This piece is the first in a series about graduate student poets in the Department of English at Berkeley.
Jessica Laser joined the English Department as a Ph.D. student in Fall 2017. She is the author of Sergei Kuzmich from All Sides (Letter Machine Editions, 2019) and Planet Drill, winner of the Other Futures award and forthcoming this winter from Futurepoem Books, along with two chapbooks. She holds degrees from the Iowa Writers’ Workshop and Brown University. In addition to teaching at Berkeley, she has taught at the Iowa Writers’ Workshop, Parsons School of Design, SUNY Purchase, Hugo House, and other institutions.
At Berkeley, Jessica has served as co-curator of the Holloway Poetry Series, co-organizer the Townsend Center-funded Contemporary Poetry and Poetics Working Group, and a Simpson Fellow with the New Literary Project. She is currently working on a dissertation titled “Robert Frost: The Poet as Poet.” Her poem “Berkeley Hills Living” was recently published in The Yale Review, and other new work can be found in Solar and The Volta. Her Holloway reading with Chris Nealon can be viewed here.
We asked Jessica about her recent activities and how she balances her creative and critical writing. Here’s what she said:
I’m writing you now from a summer residency, The Mastheads, where I’ve been working in a studio on Melville’s Arrowhead. I just came from my fifteen minute slot in the estate’s annual marathon reading of Moby Dick. Here, I’ve been writing poems, but with an awareness of my temporary participation in The New England Tradition as a writer residing—you know where.
As for my research, speaking of New England, I’m trying to get a dissertation on Robert Frost off the ground. I chose him because of an insistence in his thinking that I wanted to maintain in my own: “God forbids that I should have to be an authority on anything even the psyche before I can set up for an artist,” he wrote in a 1929 letter to his friend (and sometime biographer) Sidney Cox. “A little of anything goes a long way in art.” Can’t the same be true for writing about poetry?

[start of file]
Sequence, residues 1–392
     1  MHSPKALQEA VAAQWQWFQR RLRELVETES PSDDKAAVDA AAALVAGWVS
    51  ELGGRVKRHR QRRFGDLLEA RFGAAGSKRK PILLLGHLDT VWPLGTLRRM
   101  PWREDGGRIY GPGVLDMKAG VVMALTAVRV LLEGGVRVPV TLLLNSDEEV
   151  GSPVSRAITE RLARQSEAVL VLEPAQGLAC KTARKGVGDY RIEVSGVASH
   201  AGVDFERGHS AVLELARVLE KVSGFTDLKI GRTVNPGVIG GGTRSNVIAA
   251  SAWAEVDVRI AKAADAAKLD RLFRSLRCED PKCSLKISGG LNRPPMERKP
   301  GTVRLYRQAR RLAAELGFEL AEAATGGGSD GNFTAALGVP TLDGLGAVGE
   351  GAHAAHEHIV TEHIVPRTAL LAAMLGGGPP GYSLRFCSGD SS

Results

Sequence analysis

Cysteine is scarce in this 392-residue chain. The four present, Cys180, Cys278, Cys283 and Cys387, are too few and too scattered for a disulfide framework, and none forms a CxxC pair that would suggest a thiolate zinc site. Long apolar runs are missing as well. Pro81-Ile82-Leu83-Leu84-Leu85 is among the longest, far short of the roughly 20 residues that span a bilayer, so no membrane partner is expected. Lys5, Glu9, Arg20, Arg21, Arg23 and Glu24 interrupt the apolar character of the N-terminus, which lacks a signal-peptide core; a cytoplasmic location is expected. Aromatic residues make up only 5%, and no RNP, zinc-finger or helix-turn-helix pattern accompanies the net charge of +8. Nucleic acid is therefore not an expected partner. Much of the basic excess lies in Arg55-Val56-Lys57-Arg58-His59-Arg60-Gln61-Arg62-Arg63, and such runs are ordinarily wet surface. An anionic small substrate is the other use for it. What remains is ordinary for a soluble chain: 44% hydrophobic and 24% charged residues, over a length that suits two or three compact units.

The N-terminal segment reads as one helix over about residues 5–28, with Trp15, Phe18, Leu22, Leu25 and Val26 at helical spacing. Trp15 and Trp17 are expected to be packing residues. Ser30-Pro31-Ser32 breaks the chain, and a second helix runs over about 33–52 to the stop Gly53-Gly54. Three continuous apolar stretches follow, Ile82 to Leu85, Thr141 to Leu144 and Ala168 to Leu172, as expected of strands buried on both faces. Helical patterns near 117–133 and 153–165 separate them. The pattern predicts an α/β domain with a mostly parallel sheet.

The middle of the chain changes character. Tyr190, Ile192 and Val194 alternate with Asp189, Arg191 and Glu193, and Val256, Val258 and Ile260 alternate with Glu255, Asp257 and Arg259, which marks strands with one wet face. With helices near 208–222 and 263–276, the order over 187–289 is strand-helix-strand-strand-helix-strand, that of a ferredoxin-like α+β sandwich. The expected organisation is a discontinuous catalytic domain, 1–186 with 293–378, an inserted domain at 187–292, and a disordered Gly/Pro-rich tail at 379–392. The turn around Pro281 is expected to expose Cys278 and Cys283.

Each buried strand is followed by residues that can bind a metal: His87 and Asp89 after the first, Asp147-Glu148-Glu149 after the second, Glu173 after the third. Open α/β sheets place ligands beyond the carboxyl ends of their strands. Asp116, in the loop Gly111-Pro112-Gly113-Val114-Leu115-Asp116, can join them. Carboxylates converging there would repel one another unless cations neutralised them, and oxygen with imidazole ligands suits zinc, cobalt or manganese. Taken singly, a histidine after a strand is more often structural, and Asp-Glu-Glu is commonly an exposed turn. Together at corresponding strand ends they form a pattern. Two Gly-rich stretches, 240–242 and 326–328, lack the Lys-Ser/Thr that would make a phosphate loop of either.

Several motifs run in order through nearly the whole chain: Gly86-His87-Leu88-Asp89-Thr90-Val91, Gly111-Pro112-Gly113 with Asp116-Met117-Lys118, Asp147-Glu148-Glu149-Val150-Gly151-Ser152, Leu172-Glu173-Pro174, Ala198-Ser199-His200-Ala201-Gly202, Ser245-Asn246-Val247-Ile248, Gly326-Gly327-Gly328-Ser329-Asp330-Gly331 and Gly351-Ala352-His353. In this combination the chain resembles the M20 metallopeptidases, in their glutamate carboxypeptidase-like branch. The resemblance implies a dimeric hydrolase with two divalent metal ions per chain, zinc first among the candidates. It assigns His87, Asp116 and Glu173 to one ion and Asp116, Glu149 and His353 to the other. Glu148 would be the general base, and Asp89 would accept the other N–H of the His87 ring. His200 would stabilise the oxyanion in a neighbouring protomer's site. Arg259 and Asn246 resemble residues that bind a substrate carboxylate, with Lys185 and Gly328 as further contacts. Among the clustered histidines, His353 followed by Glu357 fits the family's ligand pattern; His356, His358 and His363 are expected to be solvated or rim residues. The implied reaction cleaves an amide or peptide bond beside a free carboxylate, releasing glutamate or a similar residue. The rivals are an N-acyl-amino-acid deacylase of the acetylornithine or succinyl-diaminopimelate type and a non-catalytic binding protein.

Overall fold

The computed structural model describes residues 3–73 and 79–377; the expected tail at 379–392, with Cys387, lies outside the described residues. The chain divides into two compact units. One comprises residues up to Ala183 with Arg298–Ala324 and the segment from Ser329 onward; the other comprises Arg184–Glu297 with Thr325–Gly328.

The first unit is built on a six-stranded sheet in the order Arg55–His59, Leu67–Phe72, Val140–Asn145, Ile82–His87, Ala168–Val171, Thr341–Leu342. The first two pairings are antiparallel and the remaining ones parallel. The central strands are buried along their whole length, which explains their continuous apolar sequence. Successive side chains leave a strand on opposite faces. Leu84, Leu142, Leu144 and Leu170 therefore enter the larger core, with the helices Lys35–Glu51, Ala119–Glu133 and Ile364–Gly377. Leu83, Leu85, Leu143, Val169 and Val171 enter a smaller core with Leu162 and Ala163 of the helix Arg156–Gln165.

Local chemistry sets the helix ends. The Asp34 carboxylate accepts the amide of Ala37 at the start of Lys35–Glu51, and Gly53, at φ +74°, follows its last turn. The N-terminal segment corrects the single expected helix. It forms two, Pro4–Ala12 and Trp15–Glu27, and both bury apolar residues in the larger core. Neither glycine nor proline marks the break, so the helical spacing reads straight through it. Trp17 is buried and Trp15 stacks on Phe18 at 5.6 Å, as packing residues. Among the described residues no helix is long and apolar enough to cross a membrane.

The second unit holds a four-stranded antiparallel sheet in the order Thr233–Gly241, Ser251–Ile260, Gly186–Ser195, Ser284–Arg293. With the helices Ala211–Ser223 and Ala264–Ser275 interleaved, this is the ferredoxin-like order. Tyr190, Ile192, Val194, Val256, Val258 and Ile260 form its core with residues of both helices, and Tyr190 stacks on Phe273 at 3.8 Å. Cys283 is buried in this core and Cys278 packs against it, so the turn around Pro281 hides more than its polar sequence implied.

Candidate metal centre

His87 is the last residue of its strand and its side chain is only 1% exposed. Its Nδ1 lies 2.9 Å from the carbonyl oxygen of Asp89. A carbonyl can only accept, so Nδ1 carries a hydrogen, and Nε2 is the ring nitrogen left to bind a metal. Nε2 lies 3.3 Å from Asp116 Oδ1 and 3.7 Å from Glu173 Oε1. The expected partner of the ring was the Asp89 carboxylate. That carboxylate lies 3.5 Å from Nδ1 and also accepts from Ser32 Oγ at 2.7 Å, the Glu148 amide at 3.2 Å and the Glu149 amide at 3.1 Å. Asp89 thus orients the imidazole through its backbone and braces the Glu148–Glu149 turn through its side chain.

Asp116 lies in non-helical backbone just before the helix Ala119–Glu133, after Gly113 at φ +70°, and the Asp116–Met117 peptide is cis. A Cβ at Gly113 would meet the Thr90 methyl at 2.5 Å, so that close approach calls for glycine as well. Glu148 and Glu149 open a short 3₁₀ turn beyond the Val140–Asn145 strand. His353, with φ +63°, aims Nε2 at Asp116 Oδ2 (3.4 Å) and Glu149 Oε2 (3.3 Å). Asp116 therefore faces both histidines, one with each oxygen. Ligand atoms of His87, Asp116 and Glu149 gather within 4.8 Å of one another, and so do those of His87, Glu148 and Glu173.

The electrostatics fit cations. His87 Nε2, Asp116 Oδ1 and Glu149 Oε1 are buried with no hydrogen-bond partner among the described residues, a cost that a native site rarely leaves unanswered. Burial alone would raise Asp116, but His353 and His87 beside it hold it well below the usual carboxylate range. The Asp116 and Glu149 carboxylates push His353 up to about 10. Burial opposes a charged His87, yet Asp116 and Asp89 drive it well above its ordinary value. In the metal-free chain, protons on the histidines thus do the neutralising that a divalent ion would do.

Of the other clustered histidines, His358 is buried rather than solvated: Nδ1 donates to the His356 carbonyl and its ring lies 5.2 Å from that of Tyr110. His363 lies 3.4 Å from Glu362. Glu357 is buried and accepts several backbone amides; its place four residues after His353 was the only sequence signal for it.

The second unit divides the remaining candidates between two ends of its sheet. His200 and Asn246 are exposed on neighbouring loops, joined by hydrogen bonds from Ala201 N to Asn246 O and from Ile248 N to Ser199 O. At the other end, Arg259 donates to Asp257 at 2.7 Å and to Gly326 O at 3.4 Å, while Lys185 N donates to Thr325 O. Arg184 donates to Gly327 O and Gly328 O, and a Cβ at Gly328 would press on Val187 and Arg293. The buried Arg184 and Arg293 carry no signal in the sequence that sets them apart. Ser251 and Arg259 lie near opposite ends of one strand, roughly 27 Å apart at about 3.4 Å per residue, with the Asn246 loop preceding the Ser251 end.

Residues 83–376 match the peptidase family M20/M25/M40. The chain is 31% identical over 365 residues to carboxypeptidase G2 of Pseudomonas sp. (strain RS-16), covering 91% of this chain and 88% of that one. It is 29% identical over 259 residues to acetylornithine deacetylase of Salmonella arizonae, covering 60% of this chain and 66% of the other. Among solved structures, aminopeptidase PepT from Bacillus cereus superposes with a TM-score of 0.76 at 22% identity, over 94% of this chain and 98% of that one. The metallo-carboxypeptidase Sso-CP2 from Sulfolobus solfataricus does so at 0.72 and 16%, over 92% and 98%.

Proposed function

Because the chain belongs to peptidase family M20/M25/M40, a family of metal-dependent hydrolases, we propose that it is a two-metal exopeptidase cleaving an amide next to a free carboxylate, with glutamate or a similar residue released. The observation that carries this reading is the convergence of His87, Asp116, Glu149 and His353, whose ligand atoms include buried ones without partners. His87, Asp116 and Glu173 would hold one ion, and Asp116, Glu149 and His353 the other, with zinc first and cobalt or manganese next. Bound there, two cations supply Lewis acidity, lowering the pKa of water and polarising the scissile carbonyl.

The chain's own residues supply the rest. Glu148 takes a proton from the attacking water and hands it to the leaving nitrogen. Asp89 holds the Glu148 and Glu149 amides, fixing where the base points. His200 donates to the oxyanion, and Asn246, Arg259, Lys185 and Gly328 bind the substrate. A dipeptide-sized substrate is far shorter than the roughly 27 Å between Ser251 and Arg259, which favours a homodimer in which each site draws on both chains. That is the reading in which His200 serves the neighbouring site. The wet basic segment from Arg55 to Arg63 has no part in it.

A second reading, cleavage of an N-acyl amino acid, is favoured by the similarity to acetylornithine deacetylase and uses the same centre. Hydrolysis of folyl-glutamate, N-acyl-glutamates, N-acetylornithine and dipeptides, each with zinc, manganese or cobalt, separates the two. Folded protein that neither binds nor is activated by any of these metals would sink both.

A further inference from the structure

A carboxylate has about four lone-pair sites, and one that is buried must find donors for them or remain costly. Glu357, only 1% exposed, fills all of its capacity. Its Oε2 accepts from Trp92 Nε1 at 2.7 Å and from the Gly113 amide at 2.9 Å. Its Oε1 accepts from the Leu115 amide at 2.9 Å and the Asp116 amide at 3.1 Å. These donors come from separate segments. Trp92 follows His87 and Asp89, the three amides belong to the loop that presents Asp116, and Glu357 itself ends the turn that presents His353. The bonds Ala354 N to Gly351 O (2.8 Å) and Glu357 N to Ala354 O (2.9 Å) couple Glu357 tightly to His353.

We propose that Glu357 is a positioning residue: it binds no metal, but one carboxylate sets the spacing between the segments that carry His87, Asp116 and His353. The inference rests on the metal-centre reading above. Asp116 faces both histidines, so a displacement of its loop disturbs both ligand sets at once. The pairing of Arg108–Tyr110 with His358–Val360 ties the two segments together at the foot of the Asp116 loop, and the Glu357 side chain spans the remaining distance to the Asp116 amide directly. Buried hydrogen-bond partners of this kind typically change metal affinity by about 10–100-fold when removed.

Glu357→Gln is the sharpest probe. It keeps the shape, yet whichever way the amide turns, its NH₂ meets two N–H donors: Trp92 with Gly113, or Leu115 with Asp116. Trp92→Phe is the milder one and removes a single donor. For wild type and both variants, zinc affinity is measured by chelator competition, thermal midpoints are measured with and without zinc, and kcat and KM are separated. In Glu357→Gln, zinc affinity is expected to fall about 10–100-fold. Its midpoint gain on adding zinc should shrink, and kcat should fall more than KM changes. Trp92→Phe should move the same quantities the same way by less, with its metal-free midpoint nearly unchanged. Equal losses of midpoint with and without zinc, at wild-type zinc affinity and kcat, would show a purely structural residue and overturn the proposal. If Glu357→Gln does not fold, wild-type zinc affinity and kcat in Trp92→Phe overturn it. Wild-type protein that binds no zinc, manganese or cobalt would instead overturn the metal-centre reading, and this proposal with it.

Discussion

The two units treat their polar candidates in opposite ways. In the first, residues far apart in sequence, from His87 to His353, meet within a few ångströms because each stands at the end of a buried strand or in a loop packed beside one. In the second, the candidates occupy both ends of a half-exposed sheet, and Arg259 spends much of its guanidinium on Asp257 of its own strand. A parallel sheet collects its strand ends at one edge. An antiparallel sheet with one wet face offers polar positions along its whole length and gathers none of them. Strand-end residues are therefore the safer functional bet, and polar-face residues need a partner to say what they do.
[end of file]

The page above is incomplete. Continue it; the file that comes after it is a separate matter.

I’m wary of the idea, so common in the academy, that more knowledge means more expertise. And, as a maybe too-educated person, I’m hungry for the forms of attention and experience too much knowledge obscures. In a lecture, “Education by Poetry,” Frost talks about “coming close to poetry.” He says there are two ways to come close: one “by writing poetry,” the other “in the reading of it, not as linguistics, not as history, not as anything by poetry.” My dissertation is supposed to explain what Frost’s “not as anything but poetry” means—but don’t we just know? And even if it’s not impossible to describe a feeling, a resonance, I am, sometimes, sick of trying.
Let me be clear: I want my medical doctor to know as much as she can about the human body, but I also want her to be able to attend to whatever’s happening in mine, specifically. To borrow a formulation from Alice Miller, I don’t want any reliance on method or theory to get in the way of my capacity to learn from experiencing. “No theory can prevent a person from reacting to it submissively, for even the most enlightened ideas often leave our emotional lives untouched,” she has written. My question as a poet writing a dissertation is how not to be carried away by enlightened ideas that have nothing to do with anything, how to stay close to poetry as I go.